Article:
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The misery of ePassport gates

Designed to make passport control quicker and more efficient, ePassport readers have merely baffled Jules Gray

ePassport gates were designed to make life easier for tourists at airports, but they've left Jules Gray feeling confused and angry
ePassport gates were designed to make life easier for tourists at airports, but they've left Jules Gray feeling confused and angry 

Trudging through an airport after a long flight has never been a particularly joyous exercise. Shortly after the unnaturally chirpy cabin staff finally agree to let you stand up, remove your hand luggage from overhead and disembark the plane, travellers are usually sent off on a unnecessarily long traipse through one of many advert-filled corridors that reach the chaotic confluence known as passport control.

Whereas in the distant olden days of about five years ago such places were filled with rows of stern looking border staff sat in impenetrable glass cocoons, now the more modern airports around the world have been quick to install self-service biometric ‘ePassport gates’ that read the recently issued ePassports. Designed not only to reduce staffing costs, but also to speed things up and get customers out of passport control and into the retail paradise that is the arrivals lounge as quickly as possible, ePassport gates in fact make the whole process a complicated charade that requires staff to be on hand to help baffled travellers work the biometric readers, as I unfortunately discovered on my return from a recent trip to Venice.

I stormed past my fellow passengers and got to the back of the queue

Incompetent travellers
As is tradition during the late summer, Gatwick airport was full of typically red-faced, overcooked British tourists, grumpily trudging back from their alcohol-fuelled European escapades. At the same time, however, there were many arrivals from other far-flung parts of the world; keen to sample the overpriced delights that London has to offer. By creating two options for all these people to choose from resulted in havoc caused to that greatest of British institution – the queue.

Determined not to be stuck behind this sea of angry travellers and armed with my newly issued ePassport, I opted for the shiny new gates of the future. Big mistake. As people took their turns at the gate, one by one they failed to work the passport readers, ultimately having to fetch a member of staff in irritated frustration, who promptly came to their aid with a look that suggested they were secretly pleased at the failure of the machines to render them obsolete.

Exasperated at my fellow travellers’ failure to work a simple piece of modern machinery, I impatiently waited until it was my turn, where I would show them all just how easy it was. Eventually that time came, and I nonchalantly walked up to the reader. Placing my passport down on the reader and looking up at the camera, I casually waited for the doors to open. Nothing.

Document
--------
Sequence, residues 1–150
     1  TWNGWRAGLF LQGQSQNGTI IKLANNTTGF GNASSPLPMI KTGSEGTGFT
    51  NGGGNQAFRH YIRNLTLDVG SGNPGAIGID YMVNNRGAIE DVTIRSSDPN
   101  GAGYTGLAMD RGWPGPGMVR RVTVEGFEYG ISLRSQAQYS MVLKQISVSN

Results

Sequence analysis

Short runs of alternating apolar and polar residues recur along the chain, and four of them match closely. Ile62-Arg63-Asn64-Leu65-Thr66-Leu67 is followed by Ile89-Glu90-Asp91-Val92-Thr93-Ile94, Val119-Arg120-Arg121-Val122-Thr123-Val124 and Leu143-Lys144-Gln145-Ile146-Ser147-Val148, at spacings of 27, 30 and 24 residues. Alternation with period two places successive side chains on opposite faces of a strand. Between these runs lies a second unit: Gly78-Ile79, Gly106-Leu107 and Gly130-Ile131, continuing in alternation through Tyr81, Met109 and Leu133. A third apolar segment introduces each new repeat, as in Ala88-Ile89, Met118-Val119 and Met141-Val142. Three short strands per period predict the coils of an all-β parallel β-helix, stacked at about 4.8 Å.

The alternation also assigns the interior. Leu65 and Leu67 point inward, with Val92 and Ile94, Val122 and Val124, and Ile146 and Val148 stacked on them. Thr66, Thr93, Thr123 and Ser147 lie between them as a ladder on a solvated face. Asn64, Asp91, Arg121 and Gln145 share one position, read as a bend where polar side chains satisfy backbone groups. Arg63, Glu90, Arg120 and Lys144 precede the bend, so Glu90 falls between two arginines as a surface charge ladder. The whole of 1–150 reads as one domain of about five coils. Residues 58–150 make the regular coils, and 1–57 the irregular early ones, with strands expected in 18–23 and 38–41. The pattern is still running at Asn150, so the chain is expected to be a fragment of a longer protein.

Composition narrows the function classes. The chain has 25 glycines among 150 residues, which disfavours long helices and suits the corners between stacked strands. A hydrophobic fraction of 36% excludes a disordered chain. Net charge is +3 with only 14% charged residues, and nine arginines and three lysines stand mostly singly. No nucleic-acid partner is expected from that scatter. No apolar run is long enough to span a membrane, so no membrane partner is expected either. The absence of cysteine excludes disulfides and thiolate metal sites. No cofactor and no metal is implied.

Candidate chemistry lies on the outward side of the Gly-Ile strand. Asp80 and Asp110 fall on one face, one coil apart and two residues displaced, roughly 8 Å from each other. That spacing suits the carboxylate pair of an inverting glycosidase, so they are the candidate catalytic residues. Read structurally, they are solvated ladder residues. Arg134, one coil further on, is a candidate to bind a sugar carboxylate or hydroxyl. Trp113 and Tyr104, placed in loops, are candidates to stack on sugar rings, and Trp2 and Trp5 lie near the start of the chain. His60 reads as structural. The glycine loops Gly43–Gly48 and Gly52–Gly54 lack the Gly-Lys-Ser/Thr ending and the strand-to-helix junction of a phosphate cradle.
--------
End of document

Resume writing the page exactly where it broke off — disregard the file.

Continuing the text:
As the crowds behind me started to get more irritated at yet another incompetent traveller, I wondered whether the fault was with my new passport photo and thought back to the concerned comment made by a passport centre employee about my head not fitting in the standard box size (mother tells me my head is large because of all my brains). Panicking that people were starting to stare at my freakishly big bonce, I was thankfully saved by a member of staff and let through.

Old-fashioned queuing
After this tortuously embarrassing wait, I vowed never to repeat the mistake of attempting to go for modernity over efficiency. As I set off on another trip – this time to Latvia – I dreaded the thought of returning to Gatwick’s mess of a passport control hall, and so determined to storm ahead of the competition and get my place at the front of the old-style passport check queue. Walking at a pace that made me look (in my mind) like an Olympic power-walker – but in reality like someone who was in desperate need of getting to a bathroom – I stormed past my fellow passengers and got to the back of the queue, safe in the knowledge it would be moving faster than the malfunctioning shambles of a barrier that was meant to be the future of air travel. Smugly glancing over hoping to see some poor tourist struggling to place their passport on the reader properly and having to call a member of staff to do it for them, to my dismay, all I saw were people breezing through the barriers without incident.

As I looked back at my queue, I soon realised that the party of at least 30 Latvians in front of me had not got their passports ready, while their leader – a cheery elderly woman – was engaging the passport control officer in an exhaustive description of all the sites they planned to visit in London on their trip. I didn’t make it through for another 20 pathetic, inefficient, stuck-in-the-past minutes.

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